Verse 8: Now to the unmarried and the widows I say: It is good for them to stay unmarried, as I do. But if they cannot control themselves, they should marry, for it is better to marry than to burn with passion.
5. If you are married, work hard to stay happily married, even if your spouse is not a Christian (Verses 10-14)
To the married I give this command (not I, but the Lord): A wife must not separate from her husband. But if she does, she must remain unmarried or else be reconciled to her husband. And a husband must not divorce his wife.
Verse 12: To the rest I say this (I, not the Lord): If any brother has a wife who is not a believer and she is willing to live with him, he must not divorce her. And if a woman has a husband who is not a believer and he is willing to live with her, she must not divorce him. For the unbelieving husband has been sanctified through his wife, and the unbelieving wife has been sanctified through her believing husband. Otherwise your children would be unclean, but as it is, they are holy.
I dealt with this passage a few months ago in a sermon I called “Be The One Percent.” When Paul was aboard the sinking ship in the book of Acts, there were three Christians among almost 300 people; yet the Lord saved the whole ship for the sake of the three. We may be the only Christian in any group, but God has a way of influencing that group through us. The Bible says the kingdom of God is like leaven. We may only make up a small proportion of our home or town or nation, but a small minority of godly people, committed to Jesus Christ and to the authority of Scripture, can forestall judgment and siphon grace into a society in a way that far exceeds their proportional presence. You may be the only Christian in your family, but your presence there can have an evangelistic and a sanctifying impact on everyone else. So if your spouse is a non-Christian, remained married to him or her if you can.
6. If that unbelieving spouse leaves, you’re free to marry someone else, but make sure you marry a Christian (Verse 15-16)
Verse 15: But if the unbeliever leaves, let it be so. The brother or the sister is not bound in such circumstances; God has called us to live in peace. And later (in verse 40) Paul will say that when and if you get married, that person must belong to the Lord.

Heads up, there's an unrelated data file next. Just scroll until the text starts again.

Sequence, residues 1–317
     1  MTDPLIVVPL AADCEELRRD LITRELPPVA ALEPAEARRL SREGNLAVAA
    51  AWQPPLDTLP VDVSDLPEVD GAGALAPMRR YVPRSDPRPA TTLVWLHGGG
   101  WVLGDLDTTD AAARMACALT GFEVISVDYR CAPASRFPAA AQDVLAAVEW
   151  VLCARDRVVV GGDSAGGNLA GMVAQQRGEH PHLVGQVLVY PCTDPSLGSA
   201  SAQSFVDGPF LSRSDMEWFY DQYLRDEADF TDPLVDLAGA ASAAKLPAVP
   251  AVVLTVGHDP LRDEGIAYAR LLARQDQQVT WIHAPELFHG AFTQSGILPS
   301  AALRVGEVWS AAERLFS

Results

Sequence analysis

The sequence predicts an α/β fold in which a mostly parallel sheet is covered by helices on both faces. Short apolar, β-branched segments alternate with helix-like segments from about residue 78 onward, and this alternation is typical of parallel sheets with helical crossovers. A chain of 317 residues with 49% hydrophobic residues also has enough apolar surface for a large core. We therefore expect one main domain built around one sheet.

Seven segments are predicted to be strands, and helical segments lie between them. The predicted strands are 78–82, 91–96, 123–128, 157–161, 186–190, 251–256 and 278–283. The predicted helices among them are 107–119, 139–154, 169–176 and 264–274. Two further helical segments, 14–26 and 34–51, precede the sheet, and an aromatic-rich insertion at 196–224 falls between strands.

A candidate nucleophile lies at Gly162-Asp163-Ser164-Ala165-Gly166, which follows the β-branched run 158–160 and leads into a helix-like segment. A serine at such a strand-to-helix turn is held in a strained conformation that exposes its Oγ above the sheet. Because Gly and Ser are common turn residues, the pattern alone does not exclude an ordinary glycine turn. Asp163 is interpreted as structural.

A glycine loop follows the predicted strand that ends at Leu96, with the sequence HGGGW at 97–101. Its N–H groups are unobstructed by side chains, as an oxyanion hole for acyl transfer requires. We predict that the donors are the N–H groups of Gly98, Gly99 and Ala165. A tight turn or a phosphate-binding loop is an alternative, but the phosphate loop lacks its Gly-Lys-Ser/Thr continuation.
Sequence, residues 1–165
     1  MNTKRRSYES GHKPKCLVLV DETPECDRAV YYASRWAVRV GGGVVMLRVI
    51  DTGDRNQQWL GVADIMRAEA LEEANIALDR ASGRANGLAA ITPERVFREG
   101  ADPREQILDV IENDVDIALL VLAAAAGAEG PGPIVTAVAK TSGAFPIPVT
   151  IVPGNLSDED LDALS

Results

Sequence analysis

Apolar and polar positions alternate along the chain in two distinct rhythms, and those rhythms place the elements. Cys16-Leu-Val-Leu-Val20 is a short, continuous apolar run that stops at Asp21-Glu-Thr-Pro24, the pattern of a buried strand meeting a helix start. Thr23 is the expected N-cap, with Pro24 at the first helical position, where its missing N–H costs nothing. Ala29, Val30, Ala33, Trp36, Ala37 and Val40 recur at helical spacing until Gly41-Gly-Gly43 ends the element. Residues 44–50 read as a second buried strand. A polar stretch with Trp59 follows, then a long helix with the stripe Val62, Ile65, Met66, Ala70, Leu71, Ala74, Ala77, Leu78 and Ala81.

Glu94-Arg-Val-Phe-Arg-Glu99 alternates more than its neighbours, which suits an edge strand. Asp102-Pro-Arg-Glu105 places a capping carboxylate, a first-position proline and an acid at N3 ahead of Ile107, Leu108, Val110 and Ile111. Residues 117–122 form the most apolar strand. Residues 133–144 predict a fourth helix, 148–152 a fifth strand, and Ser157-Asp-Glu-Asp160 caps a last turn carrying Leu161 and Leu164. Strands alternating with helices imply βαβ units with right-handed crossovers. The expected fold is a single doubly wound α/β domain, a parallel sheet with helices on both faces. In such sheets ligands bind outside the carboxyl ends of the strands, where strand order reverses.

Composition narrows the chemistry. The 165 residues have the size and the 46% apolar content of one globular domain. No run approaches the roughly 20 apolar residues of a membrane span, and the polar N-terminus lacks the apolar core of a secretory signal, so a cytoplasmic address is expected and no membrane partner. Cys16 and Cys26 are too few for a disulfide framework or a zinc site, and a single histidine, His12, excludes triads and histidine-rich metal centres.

7. Whatever your situation, don’t be discontent with how God has led you but seek to take advantage of it for the Lord (Verse 17-24)
Verse 17: Nevertheless, each person should live as a believer in whatever situation the Lord has assigned to them, just as God has called them. This is the rule I lay down in all the churches. Was a man already circumcised when he was called? He should not become uncircumcised. Was a man uncircumcised when he was called? He should not be circumcised. Circumcision is nothing and circumcision is nothing. Keeping God’s commands is what counts.
In other words, whether you are a Jew or a Gentile, whether you are married or single—don’t obsess over that. Don’t worry too much about that. Don’t be content with how God has let you but seek to take advantage of your circumstances, whatever they are, for the Lord. Keep His commands and live with Him with all your heart.
Verse 20: Each person should remain in the situation they were in when God called them.
…until, of course, God leads otherwise.
Verse 21: Where you a slave when you were called? Don’t let it trouble you….
Look at those five words: “Don’t let it trouble you….” You may be in a set of circumstances now that you don’t like. Perhaps there’s nothing you can do about it. Well, don’t let it trouble you. Trust God with it, but if you can improve things, that, of course, go ahead a do it. Don’t let it trouble you—although if you can gain your freedom, do so.
Verse 22: For the one who was a slave when called to faith in the Lord is the Lord’s freed person; similarly, the one who was free when called is Christ’s save. You were bought at a price; do not become slaves of human beings. Brothers and sisters, each person, as responsible to God, should remain in the situation they were in when God called them.